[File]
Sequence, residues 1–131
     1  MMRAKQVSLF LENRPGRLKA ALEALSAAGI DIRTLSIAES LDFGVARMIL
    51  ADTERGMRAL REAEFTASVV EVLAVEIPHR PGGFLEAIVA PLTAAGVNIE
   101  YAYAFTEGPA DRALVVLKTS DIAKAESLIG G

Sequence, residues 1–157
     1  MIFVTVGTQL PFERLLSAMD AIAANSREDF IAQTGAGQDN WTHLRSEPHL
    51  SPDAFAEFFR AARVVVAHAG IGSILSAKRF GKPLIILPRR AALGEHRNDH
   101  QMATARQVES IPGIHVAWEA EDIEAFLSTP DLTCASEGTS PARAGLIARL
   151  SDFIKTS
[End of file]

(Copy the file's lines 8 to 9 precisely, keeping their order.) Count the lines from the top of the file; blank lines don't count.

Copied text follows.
   101  QMATARQVES IPGIHVAWEA EDIEAFLSTP DLTCASEGTS PARAGLIARL
   151  SDFIKTS